Second grader’s heroics saved his family from recent fatal West Chester fire

Firefighters and police officers pulled their trucks and cruisers onto an area school playground Friday not in an emergency rush but to honor a young boy who recently saved his family from a fatal apartment fire.

Robert Juarez Ramirez, a second grader at Lakota’s Shawnee Early Childhood School, joined his proud mother and brother in shedding tears as he was lauded by West Chester Twp. and school officials for his recent, life-saving heroics.

Last month’s fire at Meadow Ridge apartment complex left two children dead and two seriously injured.

The 6-year-old Ramirez, whose family lived in an adjacent apartment, used his fire response training taught at school to alert his family and quickly lead them to safety with his swift actions being caught by police officer’s body camera.

“In light of the tragedy that occurred that day, one young man applied the fire safety messages that West Chester Fire Department has continuously preached,” said Fire Department Bureau Chief Scott Brooks in a released statement announcing his special school day honors Friday.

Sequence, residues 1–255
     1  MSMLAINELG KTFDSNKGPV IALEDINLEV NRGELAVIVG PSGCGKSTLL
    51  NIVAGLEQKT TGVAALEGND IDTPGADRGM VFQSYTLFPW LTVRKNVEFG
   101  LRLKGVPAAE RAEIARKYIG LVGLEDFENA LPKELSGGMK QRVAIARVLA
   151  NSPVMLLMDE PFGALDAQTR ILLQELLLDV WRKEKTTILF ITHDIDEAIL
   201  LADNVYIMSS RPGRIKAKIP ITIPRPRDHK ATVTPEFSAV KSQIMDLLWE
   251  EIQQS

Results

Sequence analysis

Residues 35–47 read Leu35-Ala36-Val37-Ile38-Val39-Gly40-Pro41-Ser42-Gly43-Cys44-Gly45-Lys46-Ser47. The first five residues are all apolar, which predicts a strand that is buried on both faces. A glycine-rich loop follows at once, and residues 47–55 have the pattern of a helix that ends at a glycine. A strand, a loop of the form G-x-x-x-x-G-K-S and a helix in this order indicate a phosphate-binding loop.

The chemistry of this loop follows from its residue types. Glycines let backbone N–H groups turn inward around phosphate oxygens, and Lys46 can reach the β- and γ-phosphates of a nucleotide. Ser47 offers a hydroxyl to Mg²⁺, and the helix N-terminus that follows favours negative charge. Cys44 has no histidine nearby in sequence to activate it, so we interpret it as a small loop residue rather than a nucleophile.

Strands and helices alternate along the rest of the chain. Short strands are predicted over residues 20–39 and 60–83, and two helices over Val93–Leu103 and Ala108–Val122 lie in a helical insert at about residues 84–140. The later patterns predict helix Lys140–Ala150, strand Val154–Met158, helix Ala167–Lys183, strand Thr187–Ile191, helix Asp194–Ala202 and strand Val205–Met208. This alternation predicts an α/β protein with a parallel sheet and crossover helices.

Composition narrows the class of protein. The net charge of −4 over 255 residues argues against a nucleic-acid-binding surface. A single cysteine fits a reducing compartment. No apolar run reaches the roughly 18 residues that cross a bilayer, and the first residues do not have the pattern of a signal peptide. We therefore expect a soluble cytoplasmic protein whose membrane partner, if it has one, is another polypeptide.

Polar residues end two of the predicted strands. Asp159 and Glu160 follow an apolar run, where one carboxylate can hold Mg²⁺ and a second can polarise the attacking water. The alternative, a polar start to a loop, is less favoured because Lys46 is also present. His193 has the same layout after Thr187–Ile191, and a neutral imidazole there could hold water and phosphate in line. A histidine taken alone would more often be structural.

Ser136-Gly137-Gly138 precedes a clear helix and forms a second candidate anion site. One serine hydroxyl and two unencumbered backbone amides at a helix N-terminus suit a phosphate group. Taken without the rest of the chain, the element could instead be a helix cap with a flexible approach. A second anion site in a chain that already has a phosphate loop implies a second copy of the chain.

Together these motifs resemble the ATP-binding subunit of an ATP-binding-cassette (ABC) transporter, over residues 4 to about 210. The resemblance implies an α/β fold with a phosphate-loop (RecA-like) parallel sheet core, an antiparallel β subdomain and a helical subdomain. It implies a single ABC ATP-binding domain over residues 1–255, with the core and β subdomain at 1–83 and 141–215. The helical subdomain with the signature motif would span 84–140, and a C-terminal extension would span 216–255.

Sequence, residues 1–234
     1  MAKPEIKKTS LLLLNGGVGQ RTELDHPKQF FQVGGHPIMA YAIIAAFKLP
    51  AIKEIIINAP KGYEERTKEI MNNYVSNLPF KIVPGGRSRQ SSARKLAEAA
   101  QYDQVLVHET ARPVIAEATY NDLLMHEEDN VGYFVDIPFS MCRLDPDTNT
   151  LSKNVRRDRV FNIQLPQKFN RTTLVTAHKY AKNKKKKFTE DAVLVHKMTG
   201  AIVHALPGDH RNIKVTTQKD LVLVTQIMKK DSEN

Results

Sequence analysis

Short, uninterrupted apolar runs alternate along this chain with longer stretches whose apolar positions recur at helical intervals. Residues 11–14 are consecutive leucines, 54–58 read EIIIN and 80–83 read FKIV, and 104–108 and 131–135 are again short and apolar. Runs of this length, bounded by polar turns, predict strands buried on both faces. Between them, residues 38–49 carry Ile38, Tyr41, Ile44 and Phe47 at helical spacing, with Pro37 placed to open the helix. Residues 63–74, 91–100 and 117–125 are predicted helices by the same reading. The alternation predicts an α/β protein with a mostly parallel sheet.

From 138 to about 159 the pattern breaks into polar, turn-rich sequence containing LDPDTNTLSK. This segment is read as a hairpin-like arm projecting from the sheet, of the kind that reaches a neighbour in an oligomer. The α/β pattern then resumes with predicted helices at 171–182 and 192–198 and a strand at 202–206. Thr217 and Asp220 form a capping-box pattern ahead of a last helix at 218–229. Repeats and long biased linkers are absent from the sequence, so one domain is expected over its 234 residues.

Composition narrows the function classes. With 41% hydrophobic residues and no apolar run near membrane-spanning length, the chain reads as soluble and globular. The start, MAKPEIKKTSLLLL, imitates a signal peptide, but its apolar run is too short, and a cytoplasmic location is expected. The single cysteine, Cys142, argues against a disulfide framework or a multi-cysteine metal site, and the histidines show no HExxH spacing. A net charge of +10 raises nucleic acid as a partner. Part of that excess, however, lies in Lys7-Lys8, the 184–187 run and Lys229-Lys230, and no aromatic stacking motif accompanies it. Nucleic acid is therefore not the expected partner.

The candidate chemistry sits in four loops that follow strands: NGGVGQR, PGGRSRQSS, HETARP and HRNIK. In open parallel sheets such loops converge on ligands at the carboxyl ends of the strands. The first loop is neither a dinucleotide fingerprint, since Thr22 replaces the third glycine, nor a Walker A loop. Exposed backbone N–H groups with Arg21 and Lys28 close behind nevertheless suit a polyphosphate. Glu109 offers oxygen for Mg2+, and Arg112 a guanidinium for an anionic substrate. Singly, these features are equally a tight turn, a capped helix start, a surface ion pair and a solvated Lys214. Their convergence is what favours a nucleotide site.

“We should all be proud of him and make this a special day for him,” said Brooks.

West Chester Twp. Fire Chief Rick Prinz said before the surprise ceremony “Robert is a hero.”

“He utilized the skills he learned in school that the fire department taught him about what to do in the event there is a fire. He not only paid attention but he implemented and practiced those skills at home and when the disaster hit, he knew exactly what to do to be able to save his family,” he said.

Ramirez’s praise was echoed by Shawnee Principal Traci Hummer, who called the young man out of the assembled crowd on the playground to present him with a safety award.

“A student here helped save his family. He heard a fire alarm and he knew exactly what to do and he helped his family out of their apartment and into the front yard to a meeting space,” said Hummer.

“Because of what we practice here at Shawnee, he knew exactly what to do and how to save his family.”

Ramirez stood next to his family and when handed the microphone, wiped his tears and gave thanks.

“Thank you to my teacher for helping me do this and thank you to all my friends who teach me how. When I was in kindergarten, I didn’t know what to do in a fire drill. But but now that I’m six I knew what to do,” Ramirez said, as his classmates applauded and he took in his mother’s proud hugs.

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